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Snow crab landing in Bering Sea

January 19th | Jim Paulin Print this article   Email this article  

The Bering Sea opilio snow crab fishery is slowly moving forward, with 2 percent of the quota landed. Eight vessels made nine landings for a total weight in the past week of some 471,000 pounds, from a quota of 18.5 million pounds, according to the Alaska Department of Fish and Game in Unalaska.

The number of snow crab per pot is down somewhat from the same period last year. The most recent count was 201 crustaceans last week, down from 238 last year, according to Fish and Game.

"From talking to the fleet, it's been a slow start for the boats that are out there opie fishing," said state fisheries biologist Ethan Nichols.

But it's likely to pick up, said a crab industry representative, Jake Jacobsen, of the Intercooperative Exchange, which negotiates prices for the fishing vessels. He reports "not 100 percent effort on the opilio yet." Many vessels are now harvesting Tanner crab, or catching Pacific cod in pots, he said.

"There's some guys that are on the crab, and there's some guys that aren't. So it will take a little time getting dialed in," Jacobsen said.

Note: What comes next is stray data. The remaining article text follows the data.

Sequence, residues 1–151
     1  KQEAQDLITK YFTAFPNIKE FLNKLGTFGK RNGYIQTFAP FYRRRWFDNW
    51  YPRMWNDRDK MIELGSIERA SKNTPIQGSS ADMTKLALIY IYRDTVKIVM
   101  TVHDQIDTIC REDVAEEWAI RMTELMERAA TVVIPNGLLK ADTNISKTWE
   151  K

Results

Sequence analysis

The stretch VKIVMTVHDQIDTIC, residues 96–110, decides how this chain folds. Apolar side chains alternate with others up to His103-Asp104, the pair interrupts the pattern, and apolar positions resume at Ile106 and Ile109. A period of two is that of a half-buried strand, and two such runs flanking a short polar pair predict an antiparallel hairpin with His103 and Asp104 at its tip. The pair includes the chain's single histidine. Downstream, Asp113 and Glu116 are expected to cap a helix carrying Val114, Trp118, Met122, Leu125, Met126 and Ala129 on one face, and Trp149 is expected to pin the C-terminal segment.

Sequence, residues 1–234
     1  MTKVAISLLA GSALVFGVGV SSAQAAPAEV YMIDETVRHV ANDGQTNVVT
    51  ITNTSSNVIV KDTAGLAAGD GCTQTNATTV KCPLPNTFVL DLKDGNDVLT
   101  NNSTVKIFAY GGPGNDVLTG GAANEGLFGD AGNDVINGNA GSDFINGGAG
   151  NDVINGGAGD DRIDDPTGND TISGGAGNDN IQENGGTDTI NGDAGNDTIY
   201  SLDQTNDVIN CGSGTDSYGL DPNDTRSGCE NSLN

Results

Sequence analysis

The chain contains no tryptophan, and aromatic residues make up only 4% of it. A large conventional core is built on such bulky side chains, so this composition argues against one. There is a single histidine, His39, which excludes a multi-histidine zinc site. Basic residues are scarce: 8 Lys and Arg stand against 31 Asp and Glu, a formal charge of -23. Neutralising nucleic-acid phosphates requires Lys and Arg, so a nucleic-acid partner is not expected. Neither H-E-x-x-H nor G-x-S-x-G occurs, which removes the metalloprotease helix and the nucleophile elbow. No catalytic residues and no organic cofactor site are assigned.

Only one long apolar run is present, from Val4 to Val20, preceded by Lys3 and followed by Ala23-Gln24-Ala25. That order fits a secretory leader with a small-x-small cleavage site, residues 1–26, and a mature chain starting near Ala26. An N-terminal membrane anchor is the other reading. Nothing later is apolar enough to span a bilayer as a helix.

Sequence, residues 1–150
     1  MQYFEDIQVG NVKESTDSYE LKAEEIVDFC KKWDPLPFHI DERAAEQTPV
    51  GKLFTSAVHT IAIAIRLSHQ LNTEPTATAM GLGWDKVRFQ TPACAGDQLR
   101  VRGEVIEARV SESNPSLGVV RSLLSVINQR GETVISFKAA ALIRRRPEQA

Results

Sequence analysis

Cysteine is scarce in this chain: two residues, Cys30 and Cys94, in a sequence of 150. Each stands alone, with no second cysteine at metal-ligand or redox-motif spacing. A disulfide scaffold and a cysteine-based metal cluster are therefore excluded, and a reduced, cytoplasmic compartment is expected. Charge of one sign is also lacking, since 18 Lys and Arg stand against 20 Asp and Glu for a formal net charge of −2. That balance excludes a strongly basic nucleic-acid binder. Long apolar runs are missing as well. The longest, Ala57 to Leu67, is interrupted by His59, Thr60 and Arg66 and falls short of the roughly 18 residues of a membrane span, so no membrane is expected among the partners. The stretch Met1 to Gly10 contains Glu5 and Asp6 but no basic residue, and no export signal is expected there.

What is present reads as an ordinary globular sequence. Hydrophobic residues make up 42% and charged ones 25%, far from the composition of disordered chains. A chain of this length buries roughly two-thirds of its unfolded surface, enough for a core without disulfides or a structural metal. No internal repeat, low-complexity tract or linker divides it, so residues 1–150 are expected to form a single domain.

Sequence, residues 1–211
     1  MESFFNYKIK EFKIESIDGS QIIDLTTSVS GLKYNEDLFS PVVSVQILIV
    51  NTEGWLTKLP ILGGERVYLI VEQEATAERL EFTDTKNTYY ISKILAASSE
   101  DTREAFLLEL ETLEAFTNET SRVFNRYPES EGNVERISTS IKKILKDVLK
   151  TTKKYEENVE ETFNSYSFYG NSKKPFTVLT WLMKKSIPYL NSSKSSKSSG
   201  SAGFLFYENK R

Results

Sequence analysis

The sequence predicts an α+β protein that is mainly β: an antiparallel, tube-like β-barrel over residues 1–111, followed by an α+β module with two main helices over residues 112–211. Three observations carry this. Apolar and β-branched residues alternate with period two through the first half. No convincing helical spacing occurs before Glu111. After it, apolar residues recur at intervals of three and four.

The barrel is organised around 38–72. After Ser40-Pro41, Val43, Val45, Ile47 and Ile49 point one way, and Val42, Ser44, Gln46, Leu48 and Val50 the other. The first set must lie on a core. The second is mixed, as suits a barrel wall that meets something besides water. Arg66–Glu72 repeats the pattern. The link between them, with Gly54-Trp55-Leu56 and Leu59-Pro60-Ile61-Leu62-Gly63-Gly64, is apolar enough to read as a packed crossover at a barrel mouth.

Most of the snow crab deliveries were made in St. Paul, to Trident Seafoods' processor in the Pribilof Islands, Nichols said, and unlike some past very cold years, "sea ice is not even remotely a concern at this point.

The little 1.3-pound-average opilio or "opies" are termed snow crab for marketing reasons.

Jacobsen said the fleet normally starts fishing northern shares of crab under the rationalization program, which must be delivered in the Pribilofs. Even if there's not an ice problem now, in a few weeks that might change, he said. One year, the ice was so thick that the crabbers hired a tugboat to break through the harbor in St. Paul.

Soon, Jacobsen expects, deliveries of snow crab will start crossing the docks in Unalaska and Akutan and other ports.

Meanwhile, boats harvesting Tanner crab were most of the way through their quota last week with 42 landings by 19 vessels for 1.7 million pounds, 68 percent of the quota of 2.5 million, according to ADF&G.

And there's a lot more Tanners showing up in the pots compared to two years ago, when it was last fished. This year, the cumulative crab per pot average is 81 animals, compared to 47 Tanners in 2015-16. Last year was closed for controversial conservation reasons, and is only allowed now following a major lobbying effort by crabbers and Bering Sea communities.

"There's a lot of Tanners out there. It's been really good fishing for Tanners," Jacobsen said. "We should have gotten a lot bigger quota."

The quotas for crab and cod are both down significantly, and many boats catch both the shellfish and finfish with pots, which are 700-pound-average webbed steel traps set on the sea bottom. Yet one crab fisherman saw a bright spot in the decline in Pacific cod. Since the voracious cod eat young crab, a cod decline could boost future crab quotas, he hoped.

 

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